A massive proportion of fruits and vegetables we consume on a daily basis happens to be contaminated with pesticides: according to recent studies, almost half of all fresh produce is affected by increasingly heavy use of pesticides. So, what to do here?
In all kinds of intensive agriculture pesticides have been used massively for over half a century. Hence, we find pesticide residues everywhere and especially in our food: half of the fruits and vegetables produced by intensive farming contain these corrosive ingredients, although some actually absorb more than others.
The American agency Animal and Plant Health Inspection Service has analyzed the most common fruits and vegetables and identified a few fruits and vegetables that have the highest content of pesticides and chemical fertilizers.
Here is the “blacklist” of the fruits and vegetables, which are most exposed to chemicals products when they are grown on an industrial scale.
Pesticides in food: the most affected fruits and vegetables
- Apple: more than 40 different pesticides were detected on apples, because this fruit is prone to fungi and insects; they are also present in apple juice and applesauce. Since pesticides are deposited almost completely on the skin, a consumer has to remove it, although this means removing the most nutritious part of the fruit. If you cannot find “organic” apples, we advise you to go for watermelons, bananas and / or mandarins.
- Celery: this is a special case because celery does not fall into the three main categories specified by the agency: fruit trees , berries and greens. However, the USDA test found more than 60 different pesticides in the vegetable. Just like apples, there are alternatives : broccoli, radishes and onions.
- Strawberry: like in celery, there are more than 60 different pesticides, a little less in frozen strawberries. Alternative “organic” fruits to strawberry can be kiwis and pineapples.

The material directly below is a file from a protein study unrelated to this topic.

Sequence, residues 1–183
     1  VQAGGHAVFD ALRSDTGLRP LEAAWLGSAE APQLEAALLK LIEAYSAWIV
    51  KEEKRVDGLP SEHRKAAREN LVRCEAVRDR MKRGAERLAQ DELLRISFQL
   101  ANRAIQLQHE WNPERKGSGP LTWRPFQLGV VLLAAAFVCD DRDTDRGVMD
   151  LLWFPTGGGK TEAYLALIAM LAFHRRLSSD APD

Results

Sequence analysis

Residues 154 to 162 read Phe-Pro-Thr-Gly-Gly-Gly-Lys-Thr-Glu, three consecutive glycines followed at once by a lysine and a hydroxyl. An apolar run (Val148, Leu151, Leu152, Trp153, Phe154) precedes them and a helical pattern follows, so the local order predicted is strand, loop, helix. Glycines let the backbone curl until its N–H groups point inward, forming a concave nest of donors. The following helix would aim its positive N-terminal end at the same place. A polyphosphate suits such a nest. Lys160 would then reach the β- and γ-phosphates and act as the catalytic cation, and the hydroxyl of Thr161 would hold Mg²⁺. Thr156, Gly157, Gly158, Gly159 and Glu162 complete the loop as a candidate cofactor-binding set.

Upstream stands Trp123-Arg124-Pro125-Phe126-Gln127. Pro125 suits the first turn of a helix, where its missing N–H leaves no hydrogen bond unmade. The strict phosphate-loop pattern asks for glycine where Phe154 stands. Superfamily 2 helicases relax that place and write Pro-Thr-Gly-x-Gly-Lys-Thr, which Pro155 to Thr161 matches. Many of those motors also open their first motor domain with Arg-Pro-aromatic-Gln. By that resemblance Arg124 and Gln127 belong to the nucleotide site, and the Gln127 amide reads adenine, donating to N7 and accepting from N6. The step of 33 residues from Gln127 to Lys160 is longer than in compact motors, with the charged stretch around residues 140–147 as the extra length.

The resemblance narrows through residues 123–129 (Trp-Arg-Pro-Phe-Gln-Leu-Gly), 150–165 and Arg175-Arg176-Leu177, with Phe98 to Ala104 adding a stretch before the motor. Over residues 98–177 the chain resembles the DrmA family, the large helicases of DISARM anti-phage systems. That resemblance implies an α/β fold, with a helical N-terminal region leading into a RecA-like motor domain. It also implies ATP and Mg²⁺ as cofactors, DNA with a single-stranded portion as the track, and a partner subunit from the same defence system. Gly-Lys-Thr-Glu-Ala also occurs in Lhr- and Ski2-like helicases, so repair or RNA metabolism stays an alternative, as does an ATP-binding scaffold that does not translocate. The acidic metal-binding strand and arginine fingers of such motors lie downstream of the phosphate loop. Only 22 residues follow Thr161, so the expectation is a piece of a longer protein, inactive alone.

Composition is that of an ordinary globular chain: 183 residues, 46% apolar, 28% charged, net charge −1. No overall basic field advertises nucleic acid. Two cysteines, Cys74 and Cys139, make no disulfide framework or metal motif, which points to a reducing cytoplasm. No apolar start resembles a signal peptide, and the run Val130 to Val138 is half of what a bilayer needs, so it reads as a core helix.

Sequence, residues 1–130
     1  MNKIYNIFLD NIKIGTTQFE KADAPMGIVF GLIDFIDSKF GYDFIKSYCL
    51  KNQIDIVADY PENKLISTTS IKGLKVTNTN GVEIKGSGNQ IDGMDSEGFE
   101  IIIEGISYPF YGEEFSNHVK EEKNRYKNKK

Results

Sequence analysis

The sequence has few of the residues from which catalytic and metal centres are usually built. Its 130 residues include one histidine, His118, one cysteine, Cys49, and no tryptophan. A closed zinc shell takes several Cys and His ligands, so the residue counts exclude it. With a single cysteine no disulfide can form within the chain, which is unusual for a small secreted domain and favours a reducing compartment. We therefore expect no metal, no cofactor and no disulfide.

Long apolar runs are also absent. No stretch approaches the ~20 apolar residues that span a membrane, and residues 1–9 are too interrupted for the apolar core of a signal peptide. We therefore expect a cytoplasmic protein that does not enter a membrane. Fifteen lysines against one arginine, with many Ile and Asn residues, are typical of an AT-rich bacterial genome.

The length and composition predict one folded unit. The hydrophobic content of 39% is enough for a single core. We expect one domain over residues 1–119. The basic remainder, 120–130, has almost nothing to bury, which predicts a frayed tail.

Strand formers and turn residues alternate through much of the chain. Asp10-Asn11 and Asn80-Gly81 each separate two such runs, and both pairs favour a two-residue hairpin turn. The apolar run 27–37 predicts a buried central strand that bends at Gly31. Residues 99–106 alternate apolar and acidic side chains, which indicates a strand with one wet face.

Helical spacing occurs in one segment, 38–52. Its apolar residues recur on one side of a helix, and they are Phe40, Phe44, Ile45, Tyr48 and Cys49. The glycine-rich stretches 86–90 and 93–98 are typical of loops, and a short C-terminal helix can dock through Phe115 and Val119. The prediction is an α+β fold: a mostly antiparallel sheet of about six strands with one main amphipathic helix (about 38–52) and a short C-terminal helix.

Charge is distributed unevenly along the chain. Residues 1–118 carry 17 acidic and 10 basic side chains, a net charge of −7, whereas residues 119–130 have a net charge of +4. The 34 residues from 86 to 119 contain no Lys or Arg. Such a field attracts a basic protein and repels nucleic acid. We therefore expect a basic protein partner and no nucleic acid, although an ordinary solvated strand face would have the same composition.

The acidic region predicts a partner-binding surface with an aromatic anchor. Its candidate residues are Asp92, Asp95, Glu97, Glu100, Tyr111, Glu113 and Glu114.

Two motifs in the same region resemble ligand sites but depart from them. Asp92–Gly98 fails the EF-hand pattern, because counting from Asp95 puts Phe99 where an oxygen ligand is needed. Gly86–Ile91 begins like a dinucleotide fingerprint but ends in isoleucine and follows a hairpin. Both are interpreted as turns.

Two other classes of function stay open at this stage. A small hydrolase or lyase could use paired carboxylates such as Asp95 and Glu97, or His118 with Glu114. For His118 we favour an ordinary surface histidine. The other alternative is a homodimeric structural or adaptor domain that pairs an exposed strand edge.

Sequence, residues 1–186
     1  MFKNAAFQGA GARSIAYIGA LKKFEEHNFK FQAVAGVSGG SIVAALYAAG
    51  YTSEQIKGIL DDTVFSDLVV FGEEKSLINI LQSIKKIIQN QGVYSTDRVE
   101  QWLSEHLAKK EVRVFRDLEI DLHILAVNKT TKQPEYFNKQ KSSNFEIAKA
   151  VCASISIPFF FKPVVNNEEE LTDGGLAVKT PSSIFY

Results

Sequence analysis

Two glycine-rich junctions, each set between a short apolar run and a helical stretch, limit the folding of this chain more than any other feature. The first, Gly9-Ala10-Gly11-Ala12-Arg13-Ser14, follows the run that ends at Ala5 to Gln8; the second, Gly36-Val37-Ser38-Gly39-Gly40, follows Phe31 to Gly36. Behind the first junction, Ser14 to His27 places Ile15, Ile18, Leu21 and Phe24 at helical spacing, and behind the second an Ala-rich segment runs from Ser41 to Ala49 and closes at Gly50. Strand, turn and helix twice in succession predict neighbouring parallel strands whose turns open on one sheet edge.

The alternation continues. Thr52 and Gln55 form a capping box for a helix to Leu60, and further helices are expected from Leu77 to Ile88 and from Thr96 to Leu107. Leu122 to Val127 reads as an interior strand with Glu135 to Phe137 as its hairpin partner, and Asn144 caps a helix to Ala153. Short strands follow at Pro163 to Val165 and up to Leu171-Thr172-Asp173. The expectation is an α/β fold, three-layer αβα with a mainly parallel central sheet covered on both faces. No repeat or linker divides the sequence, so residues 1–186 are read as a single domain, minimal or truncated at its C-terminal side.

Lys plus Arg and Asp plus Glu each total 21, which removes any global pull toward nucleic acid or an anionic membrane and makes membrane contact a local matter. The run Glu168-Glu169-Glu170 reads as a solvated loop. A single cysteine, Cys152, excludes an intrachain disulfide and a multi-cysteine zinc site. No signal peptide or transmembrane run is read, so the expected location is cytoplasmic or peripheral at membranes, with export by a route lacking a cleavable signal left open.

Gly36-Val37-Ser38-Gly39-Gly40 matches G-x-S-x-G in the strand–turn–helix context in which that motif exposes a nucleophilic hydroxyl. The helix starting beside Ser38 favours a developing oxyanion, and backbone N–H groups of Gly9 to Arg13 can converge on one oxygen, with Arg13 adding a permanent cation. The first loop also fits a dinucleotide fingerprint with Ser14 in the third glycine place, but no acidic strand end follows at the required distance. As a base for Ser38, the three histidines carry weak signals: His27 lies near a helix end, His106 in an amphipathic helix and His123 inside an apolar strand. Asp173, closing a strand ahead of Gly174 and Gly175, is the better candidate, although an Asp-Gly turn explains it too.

- Peach: you must differentiate between the “fresh” ones and the packaged ones. More than 60 pesticides were found in fresh peaches and almost the same amount in those in packages; but much less in canned peaches. Alternative “safe” fruits are watermelon, tangerines, oranges and grapefruits.
- Spinach: hated by children, when it comes to residual pesticide spinach topped the category of “green leaves”, with almost 50 different pesticides. Much less, however, in those sold in cans.
- Apricots: 33 types of pesticides were found in apricot. If you cannot find organic apricots near your home, you can choose pineapple, papaya or mango as an alternative.
- Grapes: imported grapes can have more than 30 pesticides. Raisin also contains a large number of pesticides.
- Pepper: sweet peppers, in all their variety of colors, contain almost 50 different pesticides.
- Potato: potatoes contain more than 35 pesticides. Sweet potatoes make a delicious alternative with less residual pesticide.
- Blueberry: 50 pesticides have been found on blueberry, while frozen ones are less contaminated. Unfortunately, nutritional alternative to blueberries are cherries, which although not part of the list, are often contaminated with pesticides. If you eat blueberry for breakfast, a harmless alternative is bananas.
- Lettuce: more than 50 pesticides were found in lettuce. If you can’t get organic lettuce, you can choose asparagus.
- Cabbage: even if cabbage is known as a more resistant plant to pests and diseases, in recent years, high levels of pesticide residues have been found in this vegetable. In its place, you can choose asparagus and broccoli. Dandelion is also a nutritious alternative.
A further list of products which, although not part of this list, contain a large number of pesticides, includes: beef, chicken legs, pork fat, milk, coffee (grown in countries that allow the use of pesticides), wine (due to the presence of insecticides in grapes; unsurprisingly, there is an increased international market selection of organic wines) and chocolate.
What we should do:
Easy! The first precaution is to carefully wash fruits and vegetables. But beware; this is not enough to remove all traces of chemicals. Ideally, as we said, you should peel the skins but antioxidants and vitamins would go lost.
For efficiency, you can add baking soda to your rinsing water and clean the skin with a brush.
At the end of the day, the best method remains to focus on their organic equivalent!
- Pesticides Q&A- U.S. Food and Drugs Administration
- Health effects of pesticide (Wikipedia)
- Treatment for pesticide poisoning
- Impact of pesticides use in agriculture: their benefits and hazards
- Tending your organic garden: 10 natural remedies for your favorite fruits and vegetables
- How to grow thyme at home
- How to grow fruit trees at home
- How to grow a plant from a food waste: some plants that can grow again
- How to grow an avocado plant at home
- History and health benefits of radicchio
- Growing sprouts at home is easy, good fun and ….. healthy!